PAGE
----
For thirteen years I studied and worked, no auditions, nothing, because I needed my arms to work in the fields. But I didn’t care: I learned to dance and dance because it was impossible for me not to do it, it was impossible for me to think I was elsewhere, not to feel the earth transforming under my feet plants, impossible not to get lost in music, impossible not not to get lost in music using my eyes to look in the mirror, to try new steps.
Everyday I woke up thinking about the moment I would put my feet inside my slippers and do everything by tasting that moment. And when I was there, with the smell of camphor, wood, tights, I was an eagle on the rooftop of the world, I was the poet among poets, I was everywhere and I was everything.
I remember a ballerina Elèna Vadislowa, rich family, well taken care of, beautiful. She wanted to dance as much as I did, but later I realized it wasn’t like that. She danced for all the auditions, for the end of the course show, for the teachers watching her, to pay tribute to her beauty.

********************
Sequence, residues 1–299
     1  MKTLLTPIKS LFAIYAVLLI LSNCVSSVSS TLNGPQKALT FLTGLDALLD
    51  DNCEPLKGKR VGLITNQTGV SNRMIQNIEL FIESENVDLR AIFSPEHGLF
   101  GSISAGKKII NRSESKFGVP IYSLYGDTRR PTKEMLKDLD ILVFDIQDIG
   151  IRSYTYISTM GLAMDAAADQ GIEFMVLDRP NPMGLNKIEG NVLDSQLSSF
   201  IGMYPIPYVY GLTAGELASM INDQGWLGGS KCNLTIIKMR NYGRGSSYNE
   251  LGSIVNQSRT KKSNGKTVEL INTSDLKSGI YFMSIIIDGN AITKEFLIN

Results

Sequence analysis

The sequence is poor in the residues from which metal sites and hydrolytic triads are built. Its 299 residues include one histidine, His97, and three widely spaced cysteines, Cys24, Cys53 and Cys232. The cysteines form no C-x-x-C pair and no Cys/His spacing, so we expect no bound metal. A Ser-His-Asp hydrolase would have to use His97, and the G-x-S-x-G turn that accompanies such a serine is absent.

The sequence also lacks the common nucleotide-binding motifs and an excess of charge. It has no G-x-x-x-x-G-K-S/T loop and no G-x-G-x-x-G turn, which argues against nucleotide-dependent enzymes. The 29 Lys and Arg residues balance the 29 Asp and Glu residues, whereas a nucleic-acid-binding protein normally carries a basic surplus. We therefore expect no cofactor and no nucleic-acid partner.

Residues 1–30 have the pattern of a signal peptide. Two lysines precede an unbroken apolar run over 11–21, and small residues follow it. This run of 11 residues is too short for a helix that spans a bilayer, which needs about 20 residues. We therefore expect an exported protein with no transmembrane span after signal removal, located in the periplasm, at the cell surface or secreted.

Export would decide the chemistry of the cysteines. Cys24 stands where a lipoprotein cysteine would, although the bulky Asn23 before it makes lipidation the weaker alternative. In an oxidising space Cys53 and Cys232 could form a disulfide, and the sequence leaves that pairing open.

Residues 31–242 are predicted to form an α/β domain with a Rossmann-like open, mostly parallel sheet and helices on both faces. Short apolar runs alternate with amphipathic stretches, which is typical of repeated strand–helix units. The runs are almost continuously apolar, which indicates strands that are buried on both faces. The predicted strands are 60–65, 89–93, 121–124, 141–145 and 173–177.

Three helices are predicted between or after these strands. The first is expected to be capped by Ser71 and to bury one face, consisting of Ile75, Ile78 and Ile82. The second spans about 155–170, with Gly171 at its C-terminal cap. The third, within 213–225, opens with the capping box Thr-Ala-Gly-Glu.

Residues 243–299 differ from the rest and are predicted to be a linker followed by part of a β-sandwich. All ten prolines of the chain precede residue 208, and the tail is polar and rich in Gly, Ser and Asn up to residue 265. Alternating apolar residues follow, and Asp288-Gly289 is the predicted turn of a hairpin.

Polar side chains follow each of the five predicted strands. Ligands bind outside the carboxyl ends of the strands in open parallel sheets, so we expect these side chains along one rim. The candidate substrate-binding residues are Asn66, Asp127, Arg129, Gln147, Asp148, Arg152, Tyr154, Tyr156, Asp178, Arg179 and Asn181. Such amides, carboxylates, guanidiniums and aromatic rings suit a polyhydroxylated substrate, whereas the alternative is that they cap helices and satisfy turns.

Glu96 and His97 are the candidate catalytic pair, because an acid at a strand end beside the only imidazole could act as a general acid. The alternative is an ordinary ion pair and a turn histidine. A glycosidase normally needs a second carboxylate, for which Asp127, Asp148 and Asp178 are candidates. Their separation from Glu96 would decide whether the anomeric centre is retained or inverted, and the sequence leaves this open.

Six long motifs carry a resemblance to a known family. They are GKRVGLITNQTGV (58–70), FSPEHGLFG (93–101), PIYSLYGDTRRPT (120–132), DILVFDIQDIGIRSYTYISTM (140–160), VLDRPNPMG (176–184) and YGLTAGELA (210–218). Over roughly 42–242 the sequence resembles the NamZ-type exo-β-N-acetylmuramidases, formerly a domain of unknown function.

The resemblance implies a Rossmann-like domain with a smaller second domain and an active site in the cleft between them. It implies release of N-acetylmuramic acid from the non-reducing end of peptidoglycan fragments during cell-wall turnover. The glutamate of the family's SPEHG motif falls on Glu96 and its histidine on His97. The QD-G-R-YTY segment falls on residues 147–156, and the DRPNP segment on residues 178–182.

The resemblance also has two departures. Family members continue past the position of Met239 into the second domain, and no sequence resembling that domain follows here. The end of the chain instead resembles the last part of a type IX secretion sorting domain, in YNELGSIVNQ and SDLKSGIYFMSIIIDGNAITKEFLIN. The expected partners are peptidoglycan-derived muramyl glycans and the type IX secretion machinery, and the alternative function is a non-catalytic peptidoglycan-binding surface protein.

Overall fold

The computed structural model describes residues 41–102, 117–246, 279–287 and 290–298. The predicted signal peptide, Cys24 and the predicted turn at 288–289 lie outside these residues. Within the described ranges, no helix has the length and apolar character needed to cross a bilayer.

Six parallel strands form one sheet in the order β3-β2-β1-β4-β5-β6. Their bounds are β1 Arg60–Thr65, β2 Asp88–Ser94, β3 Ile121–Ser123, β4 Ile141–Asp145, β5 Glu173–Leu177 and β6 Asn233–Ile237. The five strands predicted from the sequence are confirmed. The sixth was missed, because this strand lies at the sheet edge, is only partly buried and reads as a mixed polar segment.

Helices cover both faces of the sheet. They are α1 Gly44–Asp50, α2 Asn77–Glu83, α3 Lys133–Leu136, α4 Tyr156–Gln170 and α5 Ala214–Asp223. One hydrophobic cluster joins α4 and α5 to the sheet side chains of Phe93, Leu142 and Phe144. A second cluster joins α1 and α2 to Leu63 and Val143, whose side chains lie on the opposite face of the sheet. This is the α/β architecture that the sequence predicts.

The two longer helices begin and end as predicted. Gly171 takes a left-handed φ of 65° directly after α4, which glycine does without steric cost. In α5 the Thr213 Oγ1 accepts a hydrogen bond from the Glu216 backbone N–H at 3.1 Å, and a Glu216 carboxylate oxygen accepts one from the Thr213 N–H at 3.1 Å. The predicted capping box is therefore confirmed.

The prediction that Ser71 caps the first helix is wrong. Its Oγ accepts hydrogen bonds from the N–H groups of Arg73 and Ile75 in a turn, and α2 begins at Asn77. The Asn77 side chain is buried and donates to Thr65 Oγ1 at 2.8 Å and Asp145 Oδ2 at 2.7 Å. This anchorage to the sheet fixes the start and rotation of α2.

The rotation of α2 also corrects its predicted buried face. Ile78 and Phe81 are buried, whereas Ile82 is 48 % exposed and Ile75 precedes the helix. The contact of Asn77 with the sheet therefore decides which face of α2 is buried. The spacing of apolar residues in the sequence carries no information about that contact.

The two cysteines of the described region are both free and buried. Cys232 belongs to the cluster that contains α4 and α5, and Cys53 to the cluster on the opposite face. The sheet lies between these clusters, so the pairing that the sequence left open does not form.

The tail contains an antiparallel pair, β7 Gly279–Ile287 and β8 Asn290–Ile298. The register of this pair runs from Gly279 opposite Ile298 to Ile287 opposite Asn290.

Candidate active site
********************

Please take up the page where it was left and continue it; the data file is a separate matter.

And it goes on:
Two years prepared for the Djenko contest. The expectations were all about her. Two years she sacrificed part of his life. She didn’t win the contest. She stopped dancing, forever. She didn’t resist. That was the difference between me and her.
I used to dance because it was my creed, my need, my words that I didn’t speak, my struggle, my poverty, my crying. I used to dance because only there my being broke the limits of my social condition, my shyness, my shame. I used to dance and I was with the universe on my hands, and while I was at school, I was studying, arraising the fields at six am, my mind endured because it was drunk with my body capturing the air.
I was poor, and they paraded in front of me guys performing for pageants, they had new clothes, they made trips. I didn’t suffer from it, my suffering would have been stopping me from entering the hall and feeling my sweat coming out of the pores of my face. My suffering would have been not being there, not being there, surrounded by that poetry that only the sublimation of art can give. I was a painter, poet, sculptor.